4. Lack of financial automation and routine – Many people that I talk with often indicate that they don’t have any type of financial system or process in place for how they use their money. This can include everything from not having payments automatically scheduled (whether via EFT or by using your bank’s systems) to not having a regular time each week to connect with your finances and make sure all of the bills are paid and financial matters are handled (a “money date” if you will). Without these types of streamlined routines and processes in place, managing your money can feel like a stressful and chaotic “up and down” experience where you feel like you’re always having to hustle to figure things out, instead of a more methodical and thought out process. If you don’t have payments automated, take a moment or two to sit down and think about which payments could be scheduled in advance. And if you don’t yet have a weekly money date scheduled, pick a time of the week that will consistently be a good time for you to sit down and pay the bills, transfer money, and even follow up on any unusual charges (i.e. credit card statements, monthly bills higher than usual, etc.)
  5. Unacknowledged money that you owe to others or that others owe to you – Energetically, this type of clutter tends to be pretty heavy from what I’ve seen. If you owe money to others or others owe money to you and there isn’t some type of acknowledgement of that, resentment can build (on either side of the situation). Acknowledgment can mean something as simple as a verbal commitment to pay someone back by a specific point in time, to an actual payment plan for paying someone back, to an actual legal document signed by both parties. Additionally, sometimes this category can include unpaid taxes (you owe the government and/or you haven’t filed your tax returns on a timely basis) and any rebates you haven’t filed for money owed to you (i.e. equipment purchases, fitness rebates from your health insurance, etc.). While it may be hard to acknowledge what you owe to others or follow up to ask others about money they owe to you, it is important to do it so that you can stand fully in your financial power.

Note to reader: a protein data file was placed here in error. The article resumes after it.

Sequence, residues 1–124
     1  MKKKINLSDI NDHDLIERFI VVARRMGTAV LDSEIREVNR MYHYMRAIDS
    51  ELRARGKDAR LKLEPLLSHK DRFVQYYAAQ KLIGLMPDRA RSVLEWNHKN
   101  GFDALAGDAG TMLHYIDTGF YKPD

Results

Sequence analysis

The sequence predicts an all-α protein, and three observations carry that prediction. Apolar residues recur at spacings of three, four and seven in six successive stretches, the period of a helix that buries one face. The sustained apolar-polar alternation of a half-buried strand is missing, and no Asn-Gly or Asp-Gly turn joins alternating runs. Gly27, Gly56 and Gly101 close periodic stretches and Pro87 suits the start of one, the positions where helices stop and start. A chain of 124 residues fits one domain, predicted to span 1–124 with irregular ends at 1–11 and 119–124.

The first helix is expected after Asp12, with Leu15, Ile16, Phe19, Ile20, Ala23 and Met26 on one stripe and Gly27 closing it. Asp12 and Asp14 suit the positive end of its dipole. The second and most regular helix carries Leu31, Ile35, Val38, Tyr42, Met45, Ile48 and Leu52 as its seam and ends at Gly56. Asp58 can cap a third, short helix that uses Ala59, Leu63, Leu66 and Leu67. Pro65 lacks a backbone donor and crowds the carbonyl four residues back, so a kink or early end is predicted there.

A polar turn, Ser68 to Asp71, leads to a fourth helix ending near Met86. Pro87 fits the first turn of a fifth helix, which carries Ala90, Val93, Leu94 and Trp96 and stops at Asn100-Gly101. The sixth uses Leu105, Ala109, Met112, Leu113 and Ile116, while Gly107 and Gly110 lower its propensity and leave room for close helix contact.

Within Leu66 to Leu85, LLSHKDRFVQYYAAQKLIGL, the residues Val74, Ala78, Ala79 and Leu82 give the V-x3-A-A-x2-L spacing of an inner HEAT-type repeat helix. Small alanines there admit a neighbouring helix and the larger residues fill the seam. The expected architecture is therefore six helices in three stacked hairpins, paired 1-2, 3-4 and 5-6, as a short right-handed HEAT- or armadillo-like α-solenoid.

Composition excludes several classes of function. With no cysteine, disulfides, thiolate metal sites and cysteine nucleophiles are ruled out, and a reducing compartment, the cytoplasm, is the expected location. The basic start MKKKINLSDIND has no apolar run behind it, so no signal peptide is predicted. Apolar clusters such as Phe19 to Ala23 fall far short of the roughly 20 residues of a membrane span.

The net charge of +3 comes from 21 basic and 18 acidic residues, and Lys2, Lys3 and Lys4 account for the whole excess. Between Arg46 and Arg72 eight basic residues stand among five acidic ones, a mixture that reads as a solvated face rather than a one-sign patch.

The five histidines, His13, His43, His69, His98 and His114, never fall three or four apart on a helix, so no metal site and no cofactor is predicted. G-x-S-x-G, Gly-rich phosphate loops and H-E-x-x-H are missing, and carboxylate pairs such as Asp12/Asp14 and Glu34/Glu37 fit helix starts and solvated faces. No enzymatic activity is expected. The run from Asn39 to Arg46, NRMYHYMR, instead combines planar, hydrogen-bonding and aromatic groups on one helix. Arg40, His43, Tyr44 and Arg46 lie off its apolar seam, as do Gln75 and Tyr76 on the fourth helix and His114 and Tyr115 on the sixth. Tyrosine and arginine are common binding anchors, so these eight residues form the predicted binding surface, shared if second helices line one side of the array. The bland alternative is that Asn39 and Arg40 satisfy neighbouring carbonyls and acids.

So, do any of these types of financial clutter show up for you in your life?

For the most part, we all tend to have one primary area where financial clutter always shows up. For me when financial clutter creeps in from time to time (I’m being honest here!), it tends to be with either bills and receipts or loose money (usually in the consoles of my car).

It’s best to take care of your financial clutter as soon as you identify it, however with the active lives we lead these days sometimes I recognize that this isn’t always possible. Sometimes it’s best to break it down into smaller tasks over a period of weeks, however I do recommend that once you’ve identified where the financial clutter is in your life that you do your best to clear it within a month. Otherwise, you’re consciously aware of the clutter and the challenging energy may intensify since you no longer have the excuse of not understanding what financial clutter is and its impact (ignorance was bliss before, right?).

If you have financial clutter in your life, do yourself the favor of cleaning it up as soon as possible to allow the money to flow cleanly into and out of your life so you can attract all of the abundance that you so rightly deserve.